As a leader, Mooradian hopes to redefine the school’s brand around the notion of polymaths, which is defined as a person of wide-ranging knowledge or learning.
“William and Mary has this renaissance person tradition,” Mooradian said. “What we need to do is to redefine that in the business school, to create managers who are polymaths, who are renaissance people, who are able to solve problems from many perspectives. And I think that no other university in the world is positioned as well as William and Mary to make that our forward-looking brand.”
Mooradian is ready to ask the tough questions, such as: why isn’t the College or its school of business ranked in the low twenties, or why isn’t it moving towards the twenties?
“The world needs us: there’s plenty of evidence the world needs range, we give students range and we get the best students in the world,” Mooradian said. “Why aren’t we moving up in everyone’s understanding of the College of William and Mary and what it can do for the world? That’s my leadership challenge, is to take our light out from under a bushel. Let the world know how great William and Mary is. Make sure we’re getting recognized and that we are a global brand and that we are one of the best business schools in the world at executing our values and our philosophy.”
“Why aren’t we moving up in everyone’s understanding of the College of William and Mary and what it can do for the world? That’s my leadership challenge, is to take our light out from under a bushel. Let the world know how great William and Mary is. Make sure we’re getting recognized and that we are a global brand and that we are one of the best business schools in the world at executing our values and our philosophy.”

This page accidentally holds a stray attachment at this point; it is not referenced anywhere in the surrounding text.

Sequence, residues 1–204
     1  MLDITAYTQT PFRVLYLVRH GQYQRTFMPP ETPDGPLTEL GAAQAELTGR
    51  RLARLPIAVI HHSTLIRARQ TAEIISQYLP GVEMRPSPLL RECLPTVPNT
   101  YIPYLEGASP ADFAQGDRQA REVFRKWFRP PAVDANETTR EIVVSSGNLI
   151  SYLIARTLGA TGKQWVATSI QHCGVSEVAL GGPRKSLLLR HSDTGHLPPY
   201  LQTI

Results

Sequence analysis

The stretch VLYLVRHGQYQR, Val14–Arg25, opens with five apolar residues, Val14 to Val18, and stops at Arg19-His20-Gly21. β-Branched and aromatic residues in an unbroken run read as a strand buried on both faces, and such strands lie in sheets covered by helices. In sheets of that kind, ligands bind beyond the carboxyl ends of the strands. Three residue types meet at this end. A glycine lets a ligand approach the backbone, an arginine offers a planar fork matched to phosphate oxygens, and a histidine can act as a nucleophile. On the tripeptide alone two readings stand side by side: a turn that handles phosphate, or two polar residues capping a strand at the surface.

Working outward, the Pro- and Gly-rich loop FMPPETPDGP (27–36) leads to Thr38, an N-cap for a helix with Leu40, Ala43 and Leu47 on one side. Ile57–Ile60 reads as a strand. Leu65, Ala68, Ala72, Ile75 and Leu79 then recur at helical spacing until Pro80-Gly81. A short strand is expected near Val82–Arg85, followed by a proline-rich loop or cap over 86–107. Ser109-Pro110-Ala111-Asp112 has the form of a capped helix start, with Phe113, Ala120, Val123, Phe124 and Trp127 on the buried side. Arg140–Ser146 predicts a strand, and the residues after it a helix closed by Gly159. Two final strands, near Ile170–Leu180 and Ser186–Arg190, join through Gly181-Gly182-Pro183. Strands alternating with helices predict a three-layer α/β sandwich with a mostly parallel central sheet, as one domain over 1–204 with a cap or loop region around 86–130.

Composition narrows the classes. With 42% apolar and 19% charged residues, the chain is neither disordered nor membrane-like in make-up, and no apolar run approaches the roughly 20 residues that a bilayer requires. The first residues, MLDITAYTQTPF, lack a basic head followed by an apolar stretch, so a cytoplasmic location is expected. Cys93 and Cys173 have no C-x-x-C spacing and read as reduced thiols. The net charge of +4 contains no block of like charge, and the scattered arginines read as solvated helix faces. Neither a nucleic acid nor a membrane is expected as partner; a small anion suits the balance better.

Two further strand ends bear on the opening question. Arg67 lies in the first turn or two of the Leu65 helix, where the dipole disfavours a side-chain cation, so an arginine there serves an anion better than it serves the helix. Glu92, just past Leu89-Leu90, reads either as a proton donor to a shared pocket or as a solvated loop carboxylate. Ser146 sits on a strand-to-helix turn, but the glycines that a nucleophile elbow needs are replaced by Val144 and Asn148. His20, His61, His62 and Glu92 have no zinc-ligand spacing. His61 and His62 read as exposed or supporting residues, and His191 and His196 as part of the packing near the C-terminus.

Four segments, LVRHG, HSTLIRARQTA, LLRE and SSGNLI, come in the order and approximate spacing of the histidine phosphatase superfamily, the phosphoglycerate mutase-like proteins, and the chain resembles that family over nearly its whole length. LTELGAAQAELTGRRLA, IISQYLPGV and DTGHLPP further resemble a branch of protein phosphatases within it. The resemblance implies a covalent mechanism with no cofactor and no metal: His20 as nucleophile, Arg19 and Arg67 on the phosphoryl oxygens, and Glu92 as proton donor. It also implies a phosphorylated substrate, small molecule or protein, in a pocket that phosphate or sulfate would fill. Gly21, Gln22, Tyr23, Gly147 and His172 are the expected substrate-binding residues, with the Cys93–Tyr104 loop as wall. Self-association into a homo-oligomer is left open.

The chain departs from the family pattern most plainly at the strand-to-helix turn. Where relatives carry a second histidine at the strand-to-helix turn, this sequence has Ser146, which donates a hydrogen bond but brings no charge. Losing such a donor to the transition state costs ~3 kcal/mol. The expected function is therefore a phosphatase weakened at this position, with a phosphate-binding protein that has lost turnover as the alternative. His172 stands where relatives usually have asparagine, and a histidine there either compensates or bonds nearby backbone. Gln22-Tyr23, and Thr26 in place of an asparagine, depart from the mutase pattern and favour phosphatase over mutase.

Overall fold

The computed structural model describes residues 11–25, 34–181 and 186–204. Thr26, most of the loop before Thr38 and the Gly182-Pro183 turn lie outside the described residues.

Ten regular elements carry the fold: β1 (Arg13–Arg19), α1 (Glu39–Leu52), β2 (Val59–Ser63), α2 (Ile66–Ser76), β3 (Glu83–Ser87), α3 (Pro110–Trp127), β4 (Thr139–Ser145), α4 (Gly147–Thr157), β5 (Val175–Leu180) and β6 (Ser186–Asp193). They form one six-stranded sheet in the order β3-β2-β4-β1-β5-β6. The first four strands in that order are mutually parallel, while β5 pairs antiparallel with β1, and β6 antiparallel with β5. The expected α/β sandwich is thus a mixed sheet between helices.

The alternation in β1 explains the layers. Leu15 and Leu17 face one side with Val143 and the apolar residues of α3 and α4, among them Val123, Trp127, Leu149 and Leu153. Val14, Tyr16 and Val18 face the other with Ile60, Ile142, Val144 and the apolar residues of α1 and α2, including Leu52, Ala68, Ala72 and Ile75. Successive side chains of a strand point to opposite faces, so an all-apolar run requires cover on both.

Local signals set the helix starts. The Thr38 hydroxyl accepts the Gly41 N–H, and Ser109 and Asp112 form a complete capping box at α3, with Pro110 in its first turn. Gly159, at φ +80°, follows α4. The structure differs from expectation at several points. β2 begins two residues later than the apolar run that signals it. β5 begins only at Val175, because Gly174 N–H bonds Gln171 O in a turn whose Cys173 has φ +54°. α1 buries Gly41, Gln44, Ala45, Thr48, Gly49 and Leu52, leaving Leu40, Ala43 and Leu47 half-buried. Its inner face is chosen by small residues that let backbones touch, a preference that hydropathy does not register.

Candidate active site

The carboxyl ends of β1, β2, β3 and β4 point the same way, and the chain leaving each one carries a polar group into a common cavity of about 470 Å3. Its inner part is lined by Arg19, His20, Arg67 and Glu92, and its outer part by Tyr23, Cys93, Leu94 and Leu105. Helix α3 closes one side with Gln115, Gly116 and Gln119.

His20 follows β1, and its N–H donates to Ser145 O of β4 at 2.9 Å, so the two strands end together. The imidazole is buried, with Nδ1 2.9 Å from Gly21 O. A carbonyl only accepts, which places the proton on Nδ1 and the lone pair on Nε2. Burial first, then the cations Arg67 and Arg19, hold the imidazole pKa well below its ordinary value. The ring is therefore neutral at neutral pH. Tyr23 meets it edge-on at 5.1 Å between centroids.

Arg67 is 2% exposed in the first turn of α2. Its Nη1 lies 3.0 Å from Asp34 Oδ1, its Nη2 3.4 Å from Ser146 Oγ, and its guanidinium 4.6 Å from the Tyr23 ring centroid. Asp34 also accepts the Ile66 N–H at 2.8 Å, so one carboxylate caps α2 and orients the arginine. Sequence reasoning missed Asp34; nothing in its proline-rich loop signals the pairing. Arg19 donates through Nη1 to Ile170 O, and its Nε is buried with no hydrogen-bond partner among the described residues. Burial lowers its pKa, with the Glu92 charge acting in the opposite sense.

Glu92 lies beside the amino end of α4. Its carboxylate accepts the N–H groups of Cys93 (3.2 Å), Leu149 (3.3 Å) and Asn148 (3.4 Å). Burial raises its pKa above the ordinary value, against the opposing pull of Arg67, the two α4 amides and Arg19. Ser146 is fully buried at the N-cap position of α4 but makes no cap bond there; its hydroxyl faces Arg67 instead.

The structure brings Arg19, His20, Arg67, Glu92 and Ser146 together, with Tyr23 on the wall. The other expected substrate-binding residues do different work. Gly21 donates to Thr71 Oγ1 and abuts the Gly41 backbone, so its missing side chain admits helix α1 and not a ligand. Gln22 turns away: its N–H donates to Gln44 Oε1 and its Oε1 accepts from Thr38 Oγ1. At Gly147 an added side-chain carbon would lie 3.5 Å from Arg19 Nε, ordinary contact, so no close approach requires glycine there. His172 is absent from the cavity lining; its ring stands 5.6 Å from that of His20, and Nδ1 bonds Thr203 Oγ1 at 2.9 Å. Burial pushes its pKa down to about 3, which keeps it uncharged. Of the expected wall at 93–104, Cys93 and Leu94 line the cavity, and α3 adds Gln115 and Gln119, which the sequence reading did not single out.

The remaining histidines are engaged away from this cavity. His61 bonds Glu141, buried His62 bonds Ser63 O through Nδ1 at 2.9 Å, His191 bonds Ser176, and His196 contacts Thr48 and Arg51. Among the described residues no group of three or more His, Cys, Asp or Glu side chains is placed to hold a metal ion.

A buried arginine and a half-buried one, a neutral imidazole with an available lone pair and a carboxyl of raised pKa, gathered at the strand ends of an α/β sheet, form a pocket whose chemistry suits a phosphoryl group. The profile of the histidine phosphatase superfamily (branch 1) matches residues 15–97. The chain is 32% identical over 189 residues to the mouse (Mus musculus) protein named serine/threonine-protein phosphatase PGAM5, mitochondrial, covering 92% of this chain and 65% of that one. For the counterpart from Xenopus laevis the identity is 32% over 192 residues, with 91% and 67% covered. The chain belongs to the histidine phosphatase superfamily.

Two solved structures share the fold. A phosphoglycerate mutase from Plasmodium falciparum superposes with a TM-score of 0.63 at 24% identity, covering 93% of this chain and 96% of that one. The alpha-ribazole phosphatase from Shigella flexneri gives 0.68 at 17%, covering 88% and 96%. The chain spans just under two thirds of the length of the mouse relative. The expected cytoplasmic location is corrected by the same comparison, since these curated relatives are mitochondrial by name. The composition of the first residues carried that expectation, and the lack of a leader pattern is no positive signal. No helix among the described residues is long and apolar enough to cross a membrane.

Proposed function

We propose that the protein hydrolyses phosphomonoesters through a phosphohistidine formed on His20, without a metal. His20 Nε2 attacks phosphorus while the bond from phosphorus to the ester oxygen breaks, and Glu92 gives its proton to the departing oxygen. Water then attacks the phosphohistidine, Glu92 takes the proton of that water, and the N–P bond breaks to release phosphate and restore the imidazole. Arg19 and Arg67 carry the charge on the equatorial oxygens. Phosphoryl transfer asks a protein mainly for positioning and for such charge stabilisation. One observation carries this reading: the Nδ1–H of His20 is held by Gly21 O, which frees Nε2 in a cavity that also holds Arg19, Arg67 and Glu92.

For students considering studying at the Mason School of Business, Mooradian recognizes that Alan Miller Hall’s grandeur can be a little off-putting, but he emphasizes that the school welcomes all students to come and learn about business.
“[Students] should know that they own this building,” Mooradian said. “The dean doesn’t own it. The faculty don’t own it. The staff don’t own it. Our students own it. It’s here for our students. So even if they look across and say, ‘wow, I don’t know if that place is for me, it seems very impressive and off-putting.’ It shouldn’t be off-putting. It should be a place that they can walk into, dressed just as they would dress for a class in English or history or chemistry. Come in here and learn to be a professional and impact the world through business. You own this building and we are welcoming to all students.”